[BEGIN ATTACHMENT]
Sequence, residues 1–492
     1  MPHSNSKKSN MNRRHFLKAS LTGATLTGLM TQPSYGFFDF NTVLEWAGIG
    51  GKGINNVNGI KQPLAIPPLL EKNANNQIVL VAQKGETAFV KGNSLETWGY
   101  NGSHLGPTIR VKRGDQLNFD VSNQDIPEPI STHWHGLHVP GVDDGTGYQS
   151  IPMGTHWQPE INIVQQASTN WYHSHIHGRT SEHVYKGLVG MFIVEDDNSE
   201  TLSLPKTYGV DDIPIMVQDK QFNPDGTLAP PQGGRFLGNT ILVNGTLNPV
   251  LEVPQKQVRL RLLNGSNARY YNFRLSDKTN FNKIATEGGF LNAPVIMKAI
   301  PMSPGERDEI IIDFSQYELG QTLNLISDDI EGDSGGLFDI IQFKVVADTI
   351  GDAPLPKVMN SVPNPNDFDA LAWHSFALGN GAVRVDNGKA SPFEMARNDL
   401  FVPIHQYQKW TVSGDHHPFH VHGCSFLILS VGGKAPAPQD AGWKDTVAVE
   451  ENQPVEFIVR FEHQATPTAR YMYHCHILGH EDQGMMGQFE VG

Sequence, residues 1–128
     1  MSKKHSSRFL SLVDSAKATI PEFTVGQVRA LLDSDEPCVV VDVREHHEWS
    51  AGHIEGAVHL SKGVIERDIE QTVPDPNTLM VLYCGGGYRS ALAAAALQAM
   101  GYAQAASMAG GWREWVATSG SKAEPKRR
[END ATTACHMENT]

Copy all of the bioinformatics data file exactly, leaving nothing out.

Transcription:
Sequence, residues 1–492
     1  MPHSNSKKSN MNRRHFLKAS LTGATLTGLM TQPSYGFFDF NTVLEWAGIG
    51  GKGINNVNGI KQPLAIPPLL EKNANNQIVL VAQKGETAFV KGNSLETWGY
   101  NGSHLGPTIR VKRGDQLNFD VSNQDIPEPI STHWHGLHVP GVDDGTGYQS
   151  IPMGTHWQPE INIVQQASTN WYHSHIHGRT SEHVYKGLVG MFIVEDDNSE
   201  TLSLPKTYGV DDIPIMVQDK QFNPDGTLAP PQGGRFLGNT ILVNGTLNPV
   251  LEVPQKQVRL RLLNGSNARY YNFRLSDKTN FNKIATEGGF LNAPVIMKAI
   301  PMSPGERDEI IIDFSQYELG QTLNLISDDI EGDSGGLFDI IQFKVVADTI
   351  GDAPLPKVMN SVPNPNDFDA LAWHSFALGN GAVRVDNGKA SPFEMARNDL
   401  FVPIHQYQKW TVSGDHHPFH VHGCSFLILS VGGKAPAPQD AGWKDTVAVE
   451  ENQPVEFIVR FEHQATPTAR YMYHCHILGH EDQGMMGQFE VG

Sequence, residues 1–128
     1  MSKKHSSRFL SLVDSAKATI PEFTVGQVRA LLDSDEPCVV VDVREHHEWS
    51  AGHIEGAVHL SKGVIERDIE QTVPDPNTLM VLYCGGGYRS ALAAAALQAM
   101  GYAQAASMAG GWREWVATSG SKAEPKRR